July 24, 2017).

 

Dialect death? 

My guest post on the University of Wisconsin Press blog:

The remote and isolated location of the Upper Peninsula, along with language contact between English and other languages have shaped Yooper talk over the past 150 years and have helped it to remain fairly distinct from other varieties of American English. In addition, several social and cultural processes have affected the development and longevity of regional dialects. Processes that have specifically shaped Yooper talk include tourism and, more broadly, economics, the sociolinguistic history of the Upper Peninsula, research on regional varieties, awareness about language variation, and how speakers claim identity with language.

To continue reading, click here: Oh yah, that’s Yooper Talk

Two little words: Sisu and Sauna

Two little words, sisu and sauna, are perhaps the most meaning linguistic features signaling ‘Finnish American’. These words are what are called shibboleths—words that signal insider and outsider by way of pronunciation. For example, most people in the US who live outside of the UP and who are not Finnish American, pronounce saunaas [sanə] (san-nuh) rather than [saʊnə] (sow-nuh). Some folks don’t know what a sauna is or that sauna is an important cultural practice among family and friends and that there are rules and rituals when taking sauna. In addition, most people don’t know what sisu is, ‘persistence in the face of adversity,’ and how this little word is a significant marker of Finnish American identity. It can be seen as linguistic practices of this identity on bumper stickers, t-shirts, ball caps, baby bibs, and other objects in the linguistic landscape. So, as shibboleths, sisu and saunarepresent place—the UP, ethnic identity—Finnish American, and ways of knowing—specifically, how to “correctly pronounce sauna.” The significance of sisu and sauna in defining identity is reflected in the shared understanding of sisu and the pronunciation, as well as the cultural practice, of taking a sauna. Through these words emerges the idea that Finnish American identity is located in the language of a specific place—Michigan’s Upper Peninsula.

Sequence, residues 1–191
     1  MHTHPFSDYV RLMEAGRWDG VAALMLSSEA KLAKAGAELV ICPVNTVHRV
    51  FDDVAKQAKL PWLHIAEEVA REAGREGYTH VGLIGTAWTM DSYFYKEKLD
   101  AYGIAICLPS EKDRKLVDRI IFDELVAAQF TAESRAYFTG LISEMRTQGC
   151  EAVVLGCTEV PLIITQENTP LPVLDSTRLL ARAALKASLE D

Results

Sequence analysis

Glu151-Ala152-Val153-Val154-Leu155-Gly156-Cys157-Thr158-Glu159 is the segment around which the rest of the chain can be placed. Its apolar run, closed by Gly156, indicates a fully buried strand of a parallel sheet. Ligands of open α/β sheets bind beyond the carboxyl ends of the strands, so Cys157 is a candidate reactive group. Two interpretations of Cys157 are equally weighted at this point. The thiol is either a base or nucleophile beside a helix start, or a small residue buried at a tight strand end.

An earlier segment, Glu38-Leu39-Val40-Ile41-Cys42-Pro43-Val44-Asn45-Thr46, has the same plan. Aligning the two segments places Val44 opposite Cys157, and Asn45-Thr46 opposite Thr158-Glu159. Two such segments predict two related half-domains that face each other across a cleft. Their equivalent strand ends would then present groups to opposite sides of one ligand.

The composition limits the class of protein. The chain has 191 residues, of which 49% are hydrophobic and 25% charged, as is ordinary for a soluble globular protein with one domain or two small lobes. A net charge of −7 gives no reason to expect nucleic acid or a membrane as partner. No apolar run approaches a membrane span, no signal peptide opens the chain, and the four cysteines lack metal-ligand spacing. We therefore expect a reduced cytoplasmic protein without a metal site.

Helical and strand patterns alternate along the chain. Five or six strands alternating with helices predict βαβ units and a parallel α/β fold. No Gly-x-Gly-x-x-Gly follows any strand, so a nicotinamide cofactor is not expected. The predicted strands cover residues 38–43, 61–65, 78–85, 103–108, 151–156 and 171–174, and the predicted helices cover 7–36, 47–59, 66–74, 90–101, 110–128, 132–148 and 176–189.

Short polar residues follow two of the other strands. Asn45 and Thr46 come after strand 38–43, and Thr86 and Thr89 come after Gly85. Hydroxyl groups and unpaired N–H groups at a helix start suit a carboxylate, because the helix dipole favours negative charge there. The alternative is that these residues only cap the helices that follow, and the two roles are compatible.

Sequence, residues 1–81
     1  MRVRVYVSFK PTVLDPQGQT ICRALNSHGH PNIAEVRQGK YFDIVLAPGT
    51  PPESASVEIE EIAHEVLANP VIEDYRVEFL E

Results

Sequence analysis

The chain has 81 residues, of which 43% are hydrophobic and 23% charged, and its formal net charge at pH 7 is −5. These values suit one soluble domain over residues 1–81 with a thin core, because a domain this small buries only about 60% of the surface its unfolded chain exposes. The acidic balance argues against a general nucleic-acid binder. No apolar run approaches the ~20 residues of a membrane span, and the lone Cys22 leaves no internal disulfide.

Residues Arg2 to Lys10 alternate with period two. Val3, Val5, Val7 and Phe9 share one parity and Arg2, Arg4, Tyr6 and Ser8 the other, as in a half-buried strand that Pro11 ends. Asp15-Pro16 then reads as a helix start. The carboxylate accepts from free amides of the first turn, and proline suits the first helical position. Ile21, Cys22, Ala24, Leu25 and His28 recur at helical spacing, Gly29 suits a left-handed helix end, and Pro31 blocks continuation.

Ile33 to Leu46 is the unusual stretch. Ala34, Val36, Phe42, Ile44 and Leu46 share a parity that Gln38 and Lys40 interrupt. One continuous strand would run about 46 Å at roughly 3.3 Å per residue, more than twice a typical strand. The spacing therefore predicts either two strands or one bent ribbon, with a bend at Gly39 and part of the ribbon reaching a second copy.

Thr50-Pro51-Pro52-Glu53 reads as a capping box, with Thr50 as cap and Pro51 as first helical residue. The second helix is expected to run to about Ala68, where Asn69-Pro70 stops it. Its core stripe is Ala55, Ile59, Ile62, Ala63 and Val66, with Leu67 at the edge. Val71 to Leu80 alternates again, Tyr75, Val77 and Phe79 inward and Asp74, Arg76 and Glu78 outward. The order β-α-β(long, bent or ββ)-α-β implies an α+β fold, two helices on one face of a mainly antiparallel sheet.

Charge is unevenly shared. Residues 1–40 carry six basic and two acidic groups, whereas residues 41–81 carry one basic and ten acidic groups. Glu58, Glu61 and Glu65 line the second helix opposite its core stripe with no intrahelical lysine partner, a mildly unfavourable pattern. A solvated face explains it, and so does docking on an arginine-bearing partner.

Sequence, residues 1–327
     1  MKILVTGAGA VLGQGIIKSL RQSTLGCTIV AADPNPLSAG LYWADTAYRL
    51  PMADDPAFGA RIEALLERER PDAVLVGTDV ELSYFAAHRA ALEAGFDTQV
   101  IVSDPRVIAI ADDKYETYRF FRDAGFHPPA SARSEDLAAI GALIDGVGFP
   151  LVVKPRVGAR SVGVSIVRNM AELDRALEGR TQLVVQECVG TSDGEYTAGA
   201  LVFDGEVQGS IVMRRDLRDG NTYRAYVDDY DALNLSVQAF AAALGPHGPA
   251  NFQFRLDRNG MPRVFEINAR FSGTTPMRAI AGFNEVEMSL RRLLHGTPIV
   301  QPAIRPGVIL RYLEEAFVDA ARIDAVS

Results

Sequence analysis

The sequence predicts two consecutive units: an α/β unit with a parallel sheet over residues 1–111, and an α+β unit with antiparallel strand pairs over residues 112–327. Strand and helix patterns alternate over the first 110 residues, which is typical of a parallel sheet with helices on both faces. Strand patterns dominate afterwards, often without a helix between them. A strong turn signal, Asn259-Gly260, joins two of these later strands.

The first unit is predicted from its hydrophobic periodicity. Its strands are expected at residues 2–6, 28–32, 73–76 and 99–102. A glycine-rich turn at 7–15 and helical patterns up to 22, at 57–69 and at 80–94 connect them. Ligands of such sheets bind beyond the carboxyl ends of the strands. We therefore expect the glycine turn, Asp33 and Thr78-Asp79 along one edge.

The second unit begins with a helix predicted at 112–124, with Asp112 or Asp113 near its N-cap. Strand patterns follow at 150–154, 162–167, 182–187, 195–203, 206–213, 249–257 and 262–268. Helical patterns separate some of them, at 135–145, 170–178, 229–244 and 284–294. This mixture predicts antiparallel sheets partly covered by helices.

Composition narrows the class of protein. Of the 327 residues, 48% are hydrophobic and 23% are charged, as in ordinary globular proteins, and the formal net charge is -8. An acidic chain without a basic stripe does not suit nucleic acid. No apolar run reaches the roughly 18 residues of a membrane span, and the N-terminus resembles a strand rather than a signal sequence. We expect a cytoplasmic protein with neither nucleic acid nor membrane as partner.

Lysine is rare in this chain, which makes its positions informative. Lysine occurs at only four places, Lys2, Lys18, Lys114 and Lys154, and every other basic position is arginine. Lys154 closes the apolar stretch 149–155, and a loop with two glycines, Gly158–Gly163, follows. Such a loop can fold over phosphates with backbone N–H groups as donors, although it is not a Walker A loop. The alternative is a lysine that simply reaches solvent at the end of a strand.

Axe: An Old Word with a New Meaning

In her book, English with an Accent: Language, Ideology, and Discrimination in the United States (2012), Rosina Lippi-Green demonstrates how linguistic subordination is at the root of social prejudice, how a direct and purposeful link exists between linguistic prejudice and social prejudice, how this link reinforces racism and values tied to what makes “proper” English, and how this link manifests as institutionalized and internalized forms of racism.

In other words, if you want to find out what groups are stigmatized in a society, look at what dialects are stigmatized and believed to be “improper,” “corrupt,” “slang,” or unintelligible, particularly African American English. Note how most Whites do not understand this perception as racist and how the perception of certain dialects as “bad English” is reinforced by institutions, including, but not limited to the legal system, medicine, advertising, schooling, and the media. For example, when African Americans are in news broadcasts, often there are subtitles. This is not usually the case for Whites.

We also see linguistic subordination at work in this meme’s use of the variant pronunciation aks. This is what sociolinguists call a marked variant–it’s noticeable, commented on, and carries social meaning. Here, the pronunciation indexes, or represents, both class and race. It’s most often used by speakers of African American English (AAE), English Language Learners (ELLs), and working class Whites in the South. This index, or social meaning, is juxtaposed with “Walmart” and the image of the White man in a 1950s style suite and tie. The semiotics of the meme not only reinforces racist and classist language attitudes, but the dated image also reinforces the idea that racism is a thing of the past. Yet, this meme is current and popular—that’s what makes it a meme.

The effect of the meme is linguistic subordination: it positions working class and AAE as unintelligible and “other,” and thus delegitimizes not only AAE, but those who speak it.

The use of “axe” is also an example of linguistic appropriation, where features of a dialect are used for humorous effect by those who don’t speak it. Here, the appropriation of “axe” functions as what Jane Hill (2008) calls “covert racist discourse…ways of speaking that Whites typically do not understand as racist, but which work to reproduce negative stereotypes of people of color” (p. 118), and thus how language plays a central role in the processes of linguistic subordination and racialization.

These processes are part the social practices that many of us unknowingly take part in everyday through our interactions, whether we are telling a joke, sharing a meme, or correcting someone’s language use. Examples like this point to how modern-day racism is internalized—something seemingly natural, normal, a part of our culture, and a way of thinking that many of us don’t question or are even aware of. This doesn’t mean that the sender of this meme is necessarily racist, or that if the pronunciation “aks” bothers you, then you are racist. Instead, it demonstrates how you, me, we internalize racism, how it’s a part of our culture and world view, how racism is institutionalized and internalized—invisible—except for those who are stigmatized. Racism is not limited to the bigots of the 1950s; it is current and often subtle.